- Straining to poop
- Whining in pain
If your dog exhibits any of these signs and you were not able to find the wrapper in his stool, you should take him to the vet pronto.
How can you help a dog who has eaten a muffin wrapper?
When your dog eats some muffins with wrappers too you should feed him a slice of bread, preferably whole grain, to help cushion the rough edges, especially if it was an aluminum one. With any luck, the pieces of foil or silicone will make it safely to the other end in 6 to 8 hours.
If nothing happens on the other end, it might be an intestinal blockage in which case you could use a mild laxative to help the dog poop and hopefully pass the wrapper pieces. The best remedy for constipation in dogs is psyllium, also sold under the name Metamucil, using the directions on the box.
You can also try adding a tablespoon of plain canned pumpkinto your pet’s regular food. Dogs seem to like pumpkin, although not as much as muffins. Make sure your dog drinks plenty of water to get things moving.
Unfortunately, such remedies might take a day or two to work and they might not be of much help if the dog has an intestinal blockage. If your dog’s condition seems to deteriorate do not wait to see the effects of the laxative and head straight to the vet.
How will a vet help a dog with an intestinal blockage
Your vet will probably do some X-rays to locate the obstruction and decide if there’s still a chance the dog might pass the foreign object. In many cases, the vet will also prescribe laxatives and wait for nature to take its course, rather than recommend surgery right away.
If the wrapper is lodged in the stomach and it is not very big, the doctor might try to remove it using nonsurgical endoscopy, that is by inserting a scope though the dog’s throat down to the stomach.
When the obstruction seems too large, the vet will have to perform surgery, opening the dog’s stomach or intestines to manually remove the obstruction. In case of intestinal blockage, the obstructing body might cut off blood supply to the area, so that part of the intestine will basically die. During the surgery, the vet will have to remove the wrapper as well as the necrotic part of the intestine.
The good news is that most dogs recover quickly after this type of surgery. Your pet will be his old self again, although nausea and lack of appetite might persist for a few more days.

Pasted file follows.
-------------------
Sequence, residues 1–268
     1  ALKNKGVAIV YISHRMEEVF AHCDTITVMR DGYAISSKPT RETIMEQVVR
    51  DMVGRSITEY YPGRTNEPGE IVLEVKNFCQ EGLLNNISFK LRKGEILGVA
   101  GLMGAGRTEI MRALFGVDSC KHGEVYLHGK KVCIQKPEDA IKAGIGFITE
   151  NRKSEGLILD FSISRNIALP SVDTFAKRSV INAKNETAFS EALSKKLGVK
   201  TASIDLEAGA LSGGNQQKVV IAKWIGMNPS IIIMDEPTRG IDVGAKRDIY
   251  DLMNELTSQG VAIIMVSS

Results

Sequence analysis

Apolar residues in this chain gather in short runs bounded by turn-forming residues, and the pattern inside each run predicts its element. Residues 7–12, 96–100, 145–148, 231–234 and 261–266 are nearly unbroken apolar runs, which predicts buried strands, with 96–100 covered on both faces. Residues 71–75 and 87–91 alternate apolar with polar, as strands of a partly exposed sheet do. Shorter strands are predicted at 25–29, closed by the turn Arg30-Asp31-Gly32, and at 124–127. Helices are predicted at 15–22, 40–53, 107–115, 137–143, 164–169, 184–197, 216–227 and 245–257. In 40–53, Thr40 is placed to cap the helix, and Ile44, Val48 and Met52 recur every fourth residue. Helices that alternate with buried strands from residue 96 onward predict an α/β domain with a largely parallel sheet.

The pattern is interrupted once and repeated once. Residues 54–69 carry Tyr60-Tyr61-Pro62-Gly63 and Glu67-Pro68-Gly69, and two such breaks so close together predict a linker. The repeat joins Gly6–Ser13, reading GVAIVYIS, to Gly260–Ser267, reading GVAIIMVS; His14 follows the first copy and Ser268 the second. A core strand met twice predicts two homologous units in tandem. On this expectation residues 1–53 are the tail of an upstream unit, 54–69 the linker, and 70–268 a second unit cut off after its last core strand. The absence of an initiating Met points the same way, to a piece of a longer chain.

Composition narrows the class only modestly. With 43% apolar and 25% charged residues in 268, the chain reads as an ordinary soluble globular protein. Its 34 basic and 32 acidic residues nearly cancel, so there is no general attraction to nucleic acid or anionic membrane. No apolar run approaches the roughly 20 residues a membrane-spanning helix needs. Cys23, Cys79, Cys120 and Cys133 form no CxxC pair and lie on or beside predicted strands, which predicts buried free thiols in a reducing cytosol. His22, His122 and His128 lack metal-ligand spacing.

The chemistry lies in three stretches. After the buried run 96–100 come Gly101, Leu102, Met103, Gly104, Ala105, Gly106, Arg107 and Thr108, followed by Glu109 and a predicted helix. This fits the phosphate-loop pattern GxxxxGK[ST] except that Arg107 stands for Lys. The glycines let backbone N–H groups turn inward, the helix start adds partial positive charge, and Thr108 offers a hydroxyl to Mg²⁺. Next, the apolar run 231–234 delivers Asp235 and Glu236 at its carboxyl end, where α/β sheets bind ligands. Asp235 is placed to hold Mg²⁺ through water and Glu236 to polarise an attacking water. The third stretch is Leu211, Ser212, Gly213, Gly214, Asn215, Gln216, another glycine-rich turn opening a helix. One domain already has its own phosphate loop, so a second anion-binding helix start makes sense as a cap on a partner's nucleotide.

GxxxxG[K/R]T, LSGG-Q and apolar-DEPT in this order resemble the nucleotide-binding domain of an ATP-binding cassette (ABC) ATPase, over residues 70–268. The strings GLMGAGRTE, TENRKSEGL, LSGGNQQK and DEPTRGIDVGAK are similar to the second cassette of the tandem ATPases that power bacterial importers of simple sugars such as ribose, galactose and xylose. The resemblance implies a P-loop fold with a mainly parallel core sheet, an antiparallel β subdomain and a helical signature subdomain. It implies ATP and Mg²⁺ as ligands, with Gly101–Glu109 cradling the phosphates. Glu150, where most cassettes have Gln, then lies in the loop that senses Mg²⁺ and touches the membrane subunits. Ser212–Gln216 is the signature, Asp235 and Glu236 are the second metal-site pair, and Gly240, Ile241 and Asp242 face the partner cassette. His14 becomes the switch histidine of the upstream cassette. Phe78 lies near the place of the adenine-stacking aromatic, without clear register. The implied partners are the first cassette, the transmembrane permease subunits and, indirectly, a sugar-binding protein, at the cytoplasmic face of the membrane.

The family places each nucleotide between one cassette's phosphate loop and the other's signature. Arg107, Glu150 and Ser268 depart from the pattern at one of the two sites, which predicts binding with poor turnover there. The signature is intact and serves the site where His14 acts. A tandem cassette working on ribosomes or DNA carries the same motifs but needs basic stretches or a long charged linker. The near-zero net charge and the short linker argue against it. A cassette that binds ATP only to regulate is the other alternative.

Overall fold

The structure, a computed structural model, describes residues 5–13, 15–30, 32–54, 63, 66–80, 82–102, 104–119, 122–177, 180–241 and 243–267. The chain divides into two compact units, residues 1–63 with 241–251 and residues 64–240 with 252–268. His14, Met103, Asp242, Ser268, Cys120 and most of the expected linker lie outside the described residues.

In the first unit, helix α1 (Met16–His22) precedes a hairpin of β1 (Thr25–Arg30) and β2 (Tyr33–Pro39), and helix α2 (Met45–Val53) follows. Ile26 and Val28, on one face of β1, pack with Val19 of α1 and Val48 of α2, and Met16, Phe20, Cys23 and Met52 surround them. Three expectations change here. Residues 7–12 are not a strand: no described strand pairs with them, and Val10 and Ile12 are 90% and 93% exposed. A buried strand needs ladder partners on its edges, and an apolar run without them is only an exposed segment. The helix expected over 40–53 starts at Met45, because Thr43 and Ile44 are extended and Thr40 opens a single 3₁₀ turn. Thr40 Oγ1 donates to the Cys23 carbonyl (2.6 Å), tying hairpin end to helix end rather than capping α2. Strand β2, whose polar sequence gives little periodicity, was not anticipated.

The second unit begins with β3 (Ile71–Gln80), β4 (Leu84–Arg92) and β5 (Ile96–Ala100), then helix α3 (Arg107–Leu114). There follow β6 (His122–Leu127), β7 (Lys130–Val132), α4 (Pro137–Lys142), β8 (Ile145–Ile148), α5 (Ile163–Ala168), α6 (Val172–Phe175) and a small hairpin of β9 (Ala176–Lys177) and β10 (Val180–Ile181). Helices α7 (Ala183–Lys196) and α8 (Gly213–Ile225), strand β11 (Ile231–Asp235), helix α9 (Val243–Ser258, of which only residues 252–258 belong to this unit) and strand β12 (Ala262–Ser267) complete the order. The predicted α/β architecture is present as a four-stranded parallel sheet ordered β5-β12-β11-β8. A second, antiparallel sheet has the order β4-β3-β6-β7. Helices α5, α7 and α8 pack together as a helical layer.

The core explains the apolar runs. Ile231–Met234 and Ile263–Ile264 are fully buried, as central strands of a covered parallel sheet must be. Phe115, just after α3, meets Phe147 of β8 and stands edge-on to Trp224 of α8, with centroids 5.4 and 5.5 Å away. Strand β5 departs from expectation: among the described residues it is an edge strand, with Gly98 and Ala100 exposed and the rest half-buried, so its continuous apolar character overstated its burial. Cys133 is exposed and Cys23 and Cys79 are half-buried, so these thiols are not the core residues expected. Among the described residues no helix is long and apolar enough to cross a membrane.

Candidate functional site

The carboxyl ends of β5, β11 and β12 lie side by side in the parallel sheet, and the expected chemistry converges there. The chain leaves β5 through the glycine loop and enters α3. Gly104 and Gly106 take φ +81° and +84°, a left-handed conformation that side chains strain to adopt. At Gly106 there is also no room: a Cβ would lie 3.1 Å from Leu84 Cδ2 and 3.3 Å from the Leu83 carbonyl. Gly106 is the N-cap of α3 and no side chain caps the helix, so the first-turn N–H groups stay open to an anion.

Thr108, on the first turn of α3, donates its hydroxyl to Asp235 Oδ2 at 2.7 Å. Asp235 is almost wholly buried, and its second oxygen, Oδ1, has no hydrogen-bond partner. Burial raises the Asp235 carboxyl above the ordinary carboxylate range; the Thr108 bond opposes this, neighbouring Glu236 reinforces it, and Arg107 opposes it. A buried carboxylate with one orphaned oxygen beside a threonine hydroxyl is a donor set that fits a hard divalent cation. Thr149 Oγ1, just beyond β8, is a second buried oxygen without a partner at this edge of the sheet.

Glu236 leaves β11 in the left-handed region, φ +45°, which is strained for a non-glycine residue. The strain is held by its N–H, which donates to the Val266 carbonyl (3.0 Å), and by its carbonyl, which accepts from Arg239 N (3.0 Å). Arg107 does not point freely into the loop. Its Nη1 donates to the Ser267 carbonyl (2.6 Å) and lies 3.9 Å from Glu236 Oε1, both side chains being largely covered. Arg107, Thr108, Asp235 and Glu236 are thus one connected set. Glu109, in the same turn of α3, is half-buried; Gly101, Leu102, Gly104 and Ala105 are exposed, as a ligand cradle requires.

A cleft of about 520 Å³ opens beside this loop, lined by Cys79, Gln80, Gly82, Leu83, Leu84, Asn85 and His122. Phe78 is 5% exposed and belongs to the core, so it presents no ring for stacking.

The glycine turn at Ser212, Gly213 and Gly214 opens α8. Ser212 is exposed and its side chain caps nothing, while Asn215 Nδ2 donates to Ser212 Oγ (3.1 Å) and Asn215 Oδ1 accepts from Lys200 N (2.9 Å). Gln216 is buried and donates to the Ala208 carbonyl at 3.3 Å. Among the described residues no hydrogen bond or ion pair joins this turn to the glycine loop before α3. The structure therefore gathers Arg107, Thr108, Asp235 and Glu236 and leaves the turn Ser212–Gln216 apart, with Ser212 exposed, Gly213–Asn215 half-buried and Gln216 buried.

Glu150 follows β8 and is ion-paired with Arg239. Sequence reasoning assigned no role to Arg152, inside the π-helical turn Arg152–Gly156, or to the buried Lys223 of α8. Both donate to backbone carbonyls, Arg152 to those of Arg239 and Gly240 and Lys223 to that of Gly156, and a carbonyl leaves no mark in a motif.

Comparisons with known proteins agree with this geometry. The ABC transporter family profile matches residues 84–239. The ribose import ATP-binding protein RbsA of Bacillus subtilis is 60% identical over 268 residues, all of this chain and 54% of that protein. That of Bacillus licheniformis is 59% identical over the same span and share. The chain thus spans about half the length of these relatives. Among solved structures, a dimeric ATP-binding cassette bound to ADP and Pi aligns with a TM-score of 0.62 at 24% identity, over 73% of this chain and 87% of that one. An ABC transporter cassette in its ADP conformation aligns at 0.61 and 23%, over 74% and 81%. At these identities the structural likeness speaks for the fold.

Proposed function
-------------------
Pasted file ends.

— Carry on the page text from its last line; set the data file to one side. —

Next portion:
How to stop your dog eating a muffin wrapper
All dogs are interested in food, but some more than others, especially pups who’d chew on anything that looks even remotely edible, or even some that don’t. To keep your dog from eating muffin wrappers, next time you bake some make sure not to leave them anywhere your dog might reach. This includes tables or countertops that might appear high enough. Dogs can get very creative when they really want a treat. Best close the doors and put some distance between your pet and those tasty muffins.
This applies to any sort of food actually. Don’t leave anything wrapped in aluminum foil within nose range. A muffin wrapper is thankfully small, but leftover roast might need a lot more foil to cover it and that could really be dangerous to your dog.
You also need to consider the food you leave unattended might be more dangerous than the wrapping. Chocolate for instance is dangerous for dogs but since he’s learned that things wrapped in foil are good he might want to try that.
When you dispose of muffin or candy wrappers, or the foil you used to cover the leftover Thanksgiving turkey make sure to throw them in a trash can with a secure lid.
Your dog eating a muffin wrapper is not an immediate cause for alarm. In most cases, wrappers will pass through the dog’s digestive system without causing any problems.
Paper wrappers are the least dangerous, as they will be mostly dissolved by your dog’s stomach acids. Neither silicone, nor aluminum foil are toxic so you don’t have to worry about that.
Silicone or foil wrappers swallowed whole can, in some cases, cause an intestinal blockage. Watch your pet for a couple of days and if you notice any symptoms of GI issues, see a vet as soon as possible.